But I also didn’t expect that nothing would happen. I did not expect that for the next twelve minutes I would stand on a lonely subway platform mere yards away from a public masturbator, thinking each time I heard a train arrive or a set of footsteps on the stairs that it could be a police officer, and each time being disappointed. For another twelve minutes — I know this because of the time-stamps of the two sets of pictures of the masturbator that I took on my phone — this man continued to stand there, masturbating. He even edged slowly closer to my part of the platform. When a garbage train pulled in to the uptown platform and unloaded a few transit workers, he hid. But as soon as they were gone, the masturbator came back into full view. He turned to face me again, squarely, and waved. He actually waved at me. Without stopping what he was doing, of course.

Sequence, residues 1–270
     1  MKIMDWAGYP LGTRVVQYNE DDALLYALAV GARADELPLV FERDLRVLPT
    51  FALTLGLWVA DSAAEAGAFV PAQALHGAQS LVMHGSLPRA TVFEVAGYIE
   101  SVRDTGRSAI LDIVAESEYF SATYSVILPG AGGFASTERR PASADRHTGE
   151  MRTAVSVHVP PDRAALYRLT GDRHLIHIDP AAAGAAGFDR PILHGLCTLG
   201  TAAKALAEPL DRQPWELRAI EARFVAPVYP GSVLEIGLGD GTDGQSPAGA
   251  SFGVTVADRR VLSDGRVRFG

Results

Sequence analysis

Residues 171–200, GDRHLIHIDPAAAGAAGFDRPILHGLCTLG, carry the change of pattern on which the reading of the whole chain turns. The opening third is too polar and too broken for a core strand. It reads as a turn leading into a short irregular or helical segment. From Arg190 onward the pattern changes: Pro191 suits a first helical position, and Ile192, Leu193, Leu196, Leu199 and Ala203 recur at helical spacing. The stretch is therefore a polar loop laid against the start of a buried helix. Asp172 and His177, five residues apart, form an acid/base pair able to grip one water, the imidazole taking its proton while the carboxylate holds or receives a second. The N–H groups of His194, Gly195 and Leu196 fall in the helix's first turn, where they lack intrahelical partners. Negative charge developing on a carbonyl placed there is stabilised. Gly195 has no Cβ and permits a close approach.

I think it is the right of any citizen to feel safe on public transit, and a 12-minute-plus police response time is not exactly the definition of “safe.”

I started back towards the stairs, to complain again. An F train was pulling in to the downtown platform, and just as I reached the top of the stairs, I saw the masturbator get on it. I told the station agent that the man had been there.

“He’s still there?” asked the agent, through his tinny mic.

“No,” I said, “He was just here. He was here for the last ten minutes but he just got on that downtown F.” The station agent looked at me, not entirely unsympathetically, and reached again for his phone. “I got his picture,” I said.

“You got a picture?”

“I got a bad picture,” I replied, and he looked at it through the bulletproof glass of his little booth and frowned. “There’s no chance, is there?” I asked. The station agent just shook his head.